COMMENTARY | Every time I bump into one of my friends who actually serve on the Cleveland Cavaliers' beat, "The Question" usually comes up.
I'm sure they get asked "The Question" just about any time they do a radio appearance, or even when they are at a family dinner.
"The Question" has been bandied about pretty much from the very hour LeBron James made "The Decision" to leave the Cavs after spending his first seven years as a pro there (2003-10) to "take (his) talents to South Beach" and sign with the Miami Heat.
"The Question" is this: Will LeBron James come back to the Cavs if (and when) he opts out of his contract with the Heat following this season?
While James, who initially suffered some national backlash for the crass way he handled his departure from Cleveland (airing a nationally televised ESPN special with Jim Gray acting like a shill instead of a journalist was not the best course of action), has become even more of a global icon since he joined the Heat, along with winning two NBA championships in three seasons, the Cavs have become an NBA afterthought.
To say the Cleveland reaction to "The Decision" was not a positive one would be a gross understatement. And, in fact, four years later, there are still many local sports fans who really don't want him to come back.
LeBron James has become like the ex-girlfriend to many Cleveland sports fans. You hate her for breaking your heart and dumping you and you wish many horrible things to happen to her. But yet, you secretly hope that she suddenly "wises up" and decides to take you back, even if you just dated her in high school and it's been like 10 years or so since then.
In LeBron James' case, it would be like this ex-girlfriend being the prettiest girl in your school who then wound up becoming a Playboy Playmate.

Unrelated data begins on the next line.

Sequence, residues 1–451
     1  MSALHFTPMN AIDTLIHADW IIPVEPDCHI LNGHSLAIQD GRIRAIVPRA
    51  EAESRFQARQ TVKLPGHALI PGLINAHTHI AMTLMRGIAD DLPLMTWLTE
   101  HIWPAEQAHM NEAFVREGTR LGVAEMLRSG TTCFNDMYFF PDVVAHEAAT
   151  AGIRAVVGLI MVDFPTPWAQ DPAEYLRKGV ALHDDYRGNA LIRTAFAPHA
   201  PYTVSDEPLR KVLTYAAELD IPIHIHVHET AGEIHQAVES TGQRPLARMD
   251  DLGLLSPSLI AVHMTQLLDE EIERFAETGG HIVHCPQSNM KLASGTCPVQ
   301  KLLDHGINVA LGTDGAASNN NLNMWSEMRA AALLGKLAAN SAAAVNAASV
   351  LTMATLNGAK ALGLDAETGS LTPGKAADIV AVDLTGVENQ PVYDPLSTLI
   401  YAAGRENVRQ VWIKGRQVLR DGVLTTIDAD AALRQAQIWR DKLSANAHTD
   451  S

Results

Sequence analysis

LeBron and the Heat make their first trip to Cleveland this season Wednesday night for a 7:30 p.m. tip-off at Quicken Loans Arena. And, as James comes back, "The Question" keeps getting asked.
Unless something drastic happens to the Cavs between now and April, I think Cavs fans that are hoping that he does, shouldn't get those hopes up and start thinking realistically.
I don't think it's going to happen.
The City of Akron, LeBron's native home just 25 miles south of Cleveland, has taken it upon itself to start the "Bring LeBron Back" campaign by erecting a few billboards around town. Also, during a Heat-Cavs game at The Q last season, a fan ran onto the court with a "We Miss You" T-shirt and tried to shake LeBron's hand. The FOX Sports Ohio telecast didn't cut away, giving the fan a few minutes of fame and a clip that got picked up by ESPN and YouTube.
And, even Cavs center/power forward Anderson Varejao got into the act on Tuesday by saying that James' return to Cleveland "could happen" in the near future. "'Bron is from Akron," said Varejao, the last remaining Cav from James' days with the team. "Akron is not too far from here. Eventually in his career, he probably wants to play at home."
James, for the most part, has always been coy about his intentions following this season. He has the option of opting out of his contract and becoming a free agent, free to sign with anyone, or he can stay with Miami and try to win another ring. He is signed for six years, but can opt out after the fourth and fifth years if he likes.
Many felt that LeBron would be open to coming back if he won at least one championship with Miami and if the Cavs were able to improve their roster. While the first part of that bargain has been lived up to, the jury is still out on the second part.
The Cavs have had ample opportunity to improve the roster. After three dismal seasons, the team accrued six first-round draft choices in the three NBA drafts. Two of those picks were No. 1 overall picks (Kyrie Irving in 2011; Anthony Bennett in 2013). Two of those picks were No. 4 overall picks (Tristan Thompson in 2011; Dion Waiters in 2012). Two others were in the top 20 (Tyler Zeller in 2012; Sergei Karasev in 2013). On paper, you would think that this roster would be on the verge of something.